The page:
Also in 1987, Langella graced in the screen in a surefire cult classic like few others - MASTERS OF THE UNIVERSE. Take in the far-out adventures of He-Man and company by viewing the original trailer.
Langella made far fewer Broadway appearances in the 1990s, focusing primarily on a particularly active period of his film career - over fifteen films in less than ten years, besides many television turns; with some roles having more resonance than others.
One highlight of the era is unquestionably Langella’s Luis de Santangel in Ridley Scott’s historical epic 1492: CONQUEST OF PARADISE.
Period drama to contemporary romantic comedy, Ivan Reitman’s hit DAVE displayed Langella’s considerable comedic chops (which were, inextricably, largely reserved for the stage, it seems, prior to this period of time).
Utilizing the rich source material to its best effect, Langella’s studied Claire Quilty in Adrian Lyne’s engaging LOLITA is one of Langella’s finest performances committed to film to date.
Frank Langella finished out the last century with one of his most remarkable and unusual roles - that of the mysterious book collector in Roman Polanski’s twisty thriller THE NINTH GATE.
Langella returned to the stage with more consistency in the following years, though, to this day, he manages to strike a commendable balance between stage and screen projects.
George Clooney’s spellbinding GOOD NIGHT, AND GOOD LUCK showcases Langella acting up a storm in the role of William Paley.
Playing a man with only half a face, Langella’s visceral acting in Richard Kelly’s strange sci-fi period piece THE BOX is truly outstanding. Just remember: whatever you do, don’t press the button!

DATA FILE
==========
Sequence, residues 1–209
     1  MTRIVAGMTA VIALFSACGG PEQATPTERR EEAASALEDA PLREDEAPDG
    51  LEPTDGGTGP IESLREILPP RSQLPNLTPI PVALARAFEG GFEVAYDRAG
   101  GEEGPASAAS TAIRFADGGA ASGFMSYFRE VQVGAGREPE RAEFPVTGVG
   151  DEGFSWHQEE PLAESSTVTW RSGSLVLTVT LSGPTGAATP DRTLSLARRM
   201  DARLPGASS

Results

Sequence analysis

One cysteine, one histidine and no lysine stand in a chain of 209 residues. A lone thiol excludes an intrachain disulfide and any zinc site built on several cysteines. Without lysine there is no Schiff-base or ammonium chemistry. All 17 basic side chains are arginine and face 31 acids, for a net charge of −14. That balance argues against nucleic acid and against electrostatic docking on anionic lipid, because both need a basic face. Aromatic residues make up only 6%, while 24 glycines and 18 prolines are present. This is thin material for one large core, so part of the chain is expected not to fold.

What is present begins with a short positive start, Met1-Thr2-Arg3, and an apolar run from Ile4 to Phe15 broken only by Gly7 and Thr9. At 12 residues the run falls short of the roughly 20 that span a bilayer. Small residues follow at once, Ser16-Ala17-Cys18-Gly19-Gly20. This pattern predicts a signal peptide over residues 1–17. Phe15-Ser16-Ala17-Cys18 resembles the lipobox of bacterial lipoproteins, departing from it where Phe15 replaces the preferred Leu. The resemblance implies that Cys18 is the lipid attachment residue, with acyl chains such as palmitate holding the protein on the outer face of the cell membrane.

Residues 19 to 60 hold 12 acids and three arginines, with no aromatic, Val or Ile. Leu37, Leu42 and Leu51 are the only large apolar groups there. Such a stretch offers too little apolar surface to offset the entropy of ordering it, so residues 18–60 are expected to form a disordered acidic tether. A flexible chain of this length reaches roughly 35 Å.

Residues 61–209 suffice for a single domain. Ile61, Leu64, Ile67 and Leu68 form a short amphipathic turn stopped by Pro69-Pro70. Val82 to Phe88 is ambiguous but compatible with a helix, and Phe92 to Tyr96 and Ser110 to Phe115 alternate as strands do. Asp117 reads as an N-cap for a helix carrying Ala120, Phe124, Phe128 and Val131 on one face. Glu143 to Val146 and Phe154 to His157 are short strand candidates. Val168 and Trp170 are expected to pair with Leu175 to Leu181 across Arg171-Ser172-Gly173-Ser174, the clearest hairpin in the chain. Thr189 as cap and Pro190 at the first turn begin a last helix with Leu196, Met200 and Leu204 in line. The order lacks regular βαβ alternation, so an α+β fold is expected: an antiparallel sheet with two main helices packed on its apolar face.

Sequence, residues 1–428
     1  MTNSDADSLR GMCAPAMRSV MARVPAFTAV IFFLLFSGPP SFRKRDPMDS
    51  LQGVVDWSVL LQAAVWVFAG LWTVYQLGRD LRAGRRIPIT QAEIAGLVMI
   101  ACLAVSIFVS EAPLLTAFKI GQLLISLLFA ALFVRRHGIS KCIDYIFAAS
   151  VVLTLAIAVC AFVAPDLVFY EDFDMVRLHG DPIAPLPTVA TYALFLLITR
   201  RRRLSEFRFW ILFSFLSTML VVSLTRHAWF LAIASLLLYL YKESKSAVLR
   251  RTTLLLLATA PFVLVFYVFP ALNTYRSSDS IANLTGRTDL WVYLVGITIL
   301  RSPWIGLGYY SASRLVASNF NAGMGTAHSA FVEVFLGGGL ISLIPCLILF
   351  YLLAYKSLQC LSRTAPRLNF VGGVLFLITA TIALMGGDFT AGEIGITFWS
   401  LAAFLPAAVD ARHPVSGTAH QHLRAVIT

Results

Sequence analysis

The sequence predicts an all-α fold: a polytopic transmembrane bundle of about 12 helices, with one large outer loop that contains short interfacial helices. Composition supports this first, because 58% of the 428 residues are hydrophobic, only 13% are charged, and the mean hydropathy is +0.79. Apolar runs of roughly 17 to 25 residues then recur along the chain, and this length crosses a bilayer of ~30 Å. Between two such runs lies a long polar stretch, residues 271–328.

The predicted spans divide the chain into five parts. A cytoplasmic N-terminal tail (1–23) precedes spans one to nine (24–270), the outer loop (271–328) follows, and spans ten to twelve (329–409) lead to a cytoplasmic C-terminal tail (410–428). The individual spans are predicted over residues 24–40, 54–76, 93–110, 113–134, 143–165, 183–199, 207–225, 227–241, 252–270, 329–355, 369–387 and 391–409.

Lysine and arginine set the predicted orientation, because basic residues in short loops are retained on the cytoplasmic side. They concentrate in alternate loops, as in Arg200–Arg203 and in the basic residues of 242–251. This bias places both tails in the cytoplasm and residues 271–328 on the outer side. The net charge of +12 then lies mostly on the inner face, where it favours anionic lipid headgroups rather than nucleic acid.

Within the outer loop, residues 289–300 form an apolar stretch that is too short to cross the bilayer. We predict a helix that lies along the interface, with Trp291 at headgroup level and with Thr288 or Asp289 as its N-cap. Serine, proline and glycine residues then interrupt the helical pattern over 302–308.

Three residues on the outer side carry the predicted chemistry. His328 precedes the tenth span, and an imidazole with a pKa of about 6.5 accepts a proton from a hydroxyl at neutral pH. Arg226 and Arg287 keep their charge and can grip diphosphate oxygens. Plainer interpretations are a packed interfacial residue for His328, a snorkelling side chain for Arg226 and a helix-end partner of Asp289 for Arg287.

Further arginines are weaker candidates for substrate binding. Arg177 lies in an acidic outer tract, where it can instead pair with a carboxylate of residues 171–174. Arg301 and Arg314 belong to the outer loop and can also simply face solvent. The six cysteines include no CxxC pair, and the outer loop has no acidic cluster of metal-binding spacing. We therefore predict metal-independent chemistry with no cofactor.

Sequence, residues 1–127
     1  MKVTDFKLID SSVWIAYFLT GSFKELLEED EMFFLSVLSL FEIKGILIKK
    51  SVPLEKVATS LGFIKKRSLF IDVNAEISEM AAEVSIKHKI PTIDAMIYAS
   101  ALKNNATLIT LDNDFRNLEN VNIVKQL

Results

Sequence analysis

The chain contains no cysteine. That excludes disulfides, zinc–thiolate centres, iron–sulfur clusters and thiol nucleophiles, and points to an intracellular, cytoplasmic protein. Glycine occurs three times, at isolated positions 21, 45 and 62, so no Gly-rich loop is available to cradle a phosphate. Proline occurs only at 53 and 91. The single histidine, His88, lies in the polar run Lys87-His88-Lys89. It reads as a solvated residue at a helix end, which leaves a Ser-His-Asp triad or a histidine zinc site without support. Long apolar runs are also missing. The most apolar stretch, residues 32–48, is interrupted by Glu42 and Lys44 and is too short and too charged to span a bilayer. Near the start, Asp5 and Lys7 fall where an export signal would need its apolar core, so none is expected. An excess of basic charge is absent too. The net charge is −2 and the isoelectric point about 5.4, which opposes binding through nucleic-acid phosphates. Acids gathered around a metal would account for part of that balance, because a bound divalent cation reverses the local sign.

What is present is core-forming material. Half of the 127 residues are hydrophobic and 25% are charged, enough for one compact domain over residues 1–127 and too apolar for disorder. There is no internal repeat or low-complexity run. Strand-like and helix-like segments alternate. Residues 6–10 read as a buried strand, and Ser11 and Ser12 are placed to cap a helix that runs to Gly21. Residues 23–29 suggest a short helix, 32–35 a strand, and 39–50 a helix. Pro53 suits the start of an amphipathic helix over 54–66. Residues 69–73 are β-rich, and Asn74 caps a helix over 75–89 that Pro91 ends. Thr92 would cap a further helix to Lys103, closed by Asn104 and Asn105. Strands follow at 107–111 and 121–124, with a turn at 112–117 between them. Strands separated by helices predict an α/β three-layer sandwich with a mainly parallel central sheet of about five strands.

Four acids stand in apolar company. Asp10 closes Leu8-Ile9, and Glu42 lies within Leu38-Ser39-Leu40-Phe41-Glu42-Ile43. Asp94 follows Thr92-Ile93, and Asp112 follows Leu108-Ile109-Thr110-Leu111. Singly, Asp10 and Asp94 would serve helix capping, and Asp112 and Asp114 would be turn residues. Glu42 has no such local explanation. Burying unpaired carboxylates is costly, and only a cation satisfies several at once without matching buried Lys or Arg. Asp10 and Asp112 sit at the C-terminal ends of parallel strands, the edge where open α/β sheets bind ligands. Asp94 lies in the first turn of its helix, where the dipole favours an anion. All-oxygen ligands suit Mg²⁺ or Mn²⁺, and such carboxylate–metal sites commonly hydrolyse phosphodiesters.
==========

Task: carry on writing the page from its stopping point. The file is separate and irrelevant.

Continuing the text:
While Bryan Singer’s SUPERMAN RETURNS was not a BATMAN-sized hit, Langella gave gravity to his passionate Perry White.
In a relatively brief but pivotal role, Langella makes a mark in Oliver Stone’s WALL STREET sequel WALL STREET 2: MONEY NEVER SLEEPS, starring Michael Douglas and Shia LaBeouf.
Another small but standout recent appearance is Langella’s tortured patriarch in the criminally underappreciated true-life horror story ALL GOOD THINGS.
With the undoubted cinematic highpoint of his career in this century thus far (at least prior to ROBOT & FRANK), here is the trailer for FROST/NIXON, featuring Frank Langella in yet another role of a lifetime - that of Richard Nixon; a part which he successfully brought to the screen based on his magnetic stage performance in the Peter Morgan play by which, in turn, the Stephen Frears film is inspired.
So, what Frank Langella performance is most irreversibly and indelibly etched in your mind? Does the vampiric count of Transylvanian lore remain your eternal love or does his uncanny Richard Nixon chill your blood to the bone most of all? Perhaps maybe even one of his lesser-known but equally appreciable characters compels you commandingly in the final reel - such as his complex study of the Nabokovian Claire Quilty in LOLITA or the comedic highs reached in his celebrated Mel Brooks collaboration, THE TWELVE CHAIRS? Or maybe DAVE? That's to say nearly nothing of his many magnificant stage turns that have won over audiences for decades - particularly his recent Tony Award-nominated run in MAN AND BOY. With a career like this, there are too many choices to settle on just one favorite role, but, judging from the trailer, ROBOT & FRANK may finally give our very own Frank yet another celluloid role of a lifetime.
As this clip collection and critical analysis make quite clear, Frank Langella is resolutely a man for all mediums.